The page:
I am not a rebel
The Cycling Dude referred me to the following post by The Damn Cyclist. Fritz also weighed in on the post's comments section. I took a look and liked it as well. Given such a clear Biker Seal of Approval for what is a truly independent voice among us bikers, I decided to post it along with my own comments in red.
I'm not a rebel. I'm listening to talk radio yesterday and I hear something that drives me nuts every time. I'm sure you've all heard the argument - having our cars is what makes us American. It's a popular right-wing notion, so much so that even in the middle of a war who's most obvious benefit will be protecting our access to middle-eastern oil, people still say it without irony.
I think BOTH the left and right in this country miss the point of the war. We did it neither for oil nor democracy. On the one hand, a truly democratic set of elections in Iraq would elect the very enemies our administration is now fighting. On the other, the left, being none too comfortable with basic economics, ignores the fact that oil does no one any good in the ground. Eventually, the "owners" have to sell it. And in the end, you sell to the biggest customers ... US.
The Bushies invaded Iraq because they wanted to prove they (and by extension, the US) could and would do it. Just like oil in the ground, military power won't get you anywhere unless you put boots on the ground especially when you say you're going do it. Didn't Chairman Mao say something about "Paper Tigers" once?
And, those of us that choose not to utilize cars, be it for their gas-guzzling, or greenhouse-gas-belching, because they're too expensive or just because riding in cars is boring and anti-social; we're routinely classified as unAmerican, rebellious, or simply faggots.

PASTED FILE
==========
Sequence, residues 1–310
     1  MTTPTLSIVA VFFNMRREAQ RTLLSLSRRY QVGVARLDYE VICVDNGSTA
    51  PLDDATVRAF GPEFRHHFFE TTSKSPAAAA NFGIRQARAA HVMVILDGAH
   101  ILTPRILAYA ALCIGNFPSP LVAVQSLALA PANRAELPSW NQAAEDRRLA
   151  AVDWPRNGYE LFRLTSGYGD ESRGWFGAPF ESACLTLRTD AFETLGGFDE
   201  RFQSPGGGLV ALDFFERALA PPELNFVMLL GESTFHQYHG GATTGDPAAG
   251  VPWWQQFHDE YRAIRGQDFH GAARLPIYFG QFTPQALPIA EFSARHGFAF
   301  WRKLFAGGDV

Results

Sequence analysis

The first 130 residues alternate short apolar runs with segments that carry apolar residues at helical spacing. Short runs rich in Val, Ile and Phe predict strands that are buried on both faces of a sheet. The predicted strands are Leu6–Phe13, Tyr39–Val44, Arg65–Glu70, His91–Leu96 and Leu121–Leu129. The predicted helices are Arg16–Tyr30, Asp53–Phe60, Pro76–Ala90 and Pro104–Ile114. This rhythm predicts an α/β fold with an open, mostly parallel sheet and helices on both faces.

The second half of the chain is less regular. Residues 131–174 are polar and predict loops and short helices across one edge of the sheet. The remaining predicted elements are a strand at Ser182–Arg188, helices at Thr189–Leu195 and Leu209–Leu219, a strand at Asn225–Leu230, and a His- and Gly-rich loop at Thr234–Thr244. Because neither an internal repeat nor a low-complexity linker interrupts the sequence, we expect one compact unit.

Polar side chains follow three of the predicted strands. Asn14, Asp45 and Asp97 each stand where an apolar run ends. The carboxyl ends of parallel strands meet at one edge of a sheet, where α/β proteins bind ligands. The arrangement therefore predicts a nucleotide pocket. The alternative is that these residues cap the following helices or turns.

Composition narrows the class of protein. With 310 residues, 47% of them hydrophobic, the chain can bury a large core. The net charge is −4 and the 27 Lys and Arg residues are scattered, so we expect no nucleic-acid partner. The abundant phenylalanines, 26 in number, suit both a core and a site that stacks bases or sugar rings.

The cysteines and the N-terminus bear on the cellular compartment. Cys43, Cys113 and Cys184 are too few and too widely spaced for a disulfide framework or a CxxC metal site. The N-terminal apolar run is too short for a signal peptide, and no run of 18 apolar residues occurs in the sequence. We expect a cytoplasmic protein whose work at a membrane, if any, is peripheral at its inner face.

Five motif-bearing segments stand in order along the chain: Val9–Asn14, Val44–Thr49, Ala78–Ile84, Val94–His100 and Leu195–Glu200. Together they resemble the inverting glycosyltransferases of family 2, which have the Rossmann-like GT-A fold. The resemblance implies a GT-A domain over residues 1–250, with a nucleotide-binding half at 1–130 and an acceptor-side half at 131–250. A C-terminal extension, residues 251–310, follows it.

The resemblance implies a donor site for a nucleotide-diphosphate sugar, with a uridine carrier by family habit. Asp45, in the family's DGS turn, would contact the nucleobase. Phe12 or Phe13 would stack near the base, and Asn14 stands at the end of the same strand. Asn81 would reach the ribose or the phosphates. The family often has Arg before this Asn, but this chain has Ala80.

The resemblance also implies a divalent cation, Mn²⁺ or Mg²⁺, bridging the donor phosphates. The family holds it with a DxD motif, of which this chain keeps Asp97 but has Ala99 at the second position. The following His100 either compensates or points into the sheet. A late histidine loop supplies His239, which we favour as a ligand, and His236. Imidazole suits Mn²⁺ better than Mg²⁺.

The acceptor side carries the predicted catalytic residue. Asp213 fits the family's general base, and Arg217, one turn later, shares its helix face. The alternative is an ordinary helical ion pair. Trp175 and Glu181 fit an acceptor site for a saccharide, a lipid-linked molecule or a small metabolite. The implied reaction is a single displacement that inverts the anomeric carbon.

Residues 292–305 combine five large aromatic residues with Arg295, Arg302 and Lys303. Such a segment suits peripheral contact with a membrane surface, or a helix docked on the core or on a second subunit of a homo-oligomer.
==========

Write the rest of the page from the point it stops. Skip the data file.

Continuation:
What could be more American than relying on yourself to get somewhere fast and as cheaply as possible?
And while I'm sure this note will do no more than ring true to a few sympathetic ears and fall on the deaf ears of the masses, it must be said: I'm not a faggot. I'm not particularly rebellious. And I love apple pie.
Not that there's anything wrong with that %) But seriously, there's a big difference between how politically diverse the bike community actually is and what a few loud (and often obnoxiously progressive) voices tend to declare how diverse it is.
Heck, that's one of the reasons I ride a bike. At the end of the day when I'm pulling my bike into my garage and wiping the sweat from my brow, I can rest comfortably knowing that my trip to-and-from work didn't contribute to global warming. And the soldiers that are dying in Iraq are not doing so to protect MY ability to drive a hummer without having to shell out $7.00 a gallon for gas.
Unfortunately, they are dying to protect my ability to but food, drink beer, and order NOS bike parts/accessories on Ebay. And that's the big, bad dilemma...
Sure I use electricity that comes from oil - but as soon as I have a feasible alternative I'm there. Yeah, this is the country that cars built. It's also fattest country on the planet. Coincidence? North America also claims the highest cancer rates in the world. Could it be???
It isn't necessarily the amount of food that's fattening us up. It's the quality. And for the first time in history the rich are typically thinner than the poor. It's obscene that to eat healthy, Americans must pay top dollar.
Here's the kicker: I don't care if you drive your car. Frankly I'm not expecting much to change in my lifetime. But what I would like to be able to do is ride my bike without you telling me I'm an unAmerican, faggot, rebel. Oh yeah, and get off your phone, put down the make-up and pay attention! I'm a person. I have a family. I don't want to die just so that you can read the newspaper while you drive.
I'm not anti-car. I AM pro-choice. Give ordinary people enough affordable options and they'll choose what's in their best interests.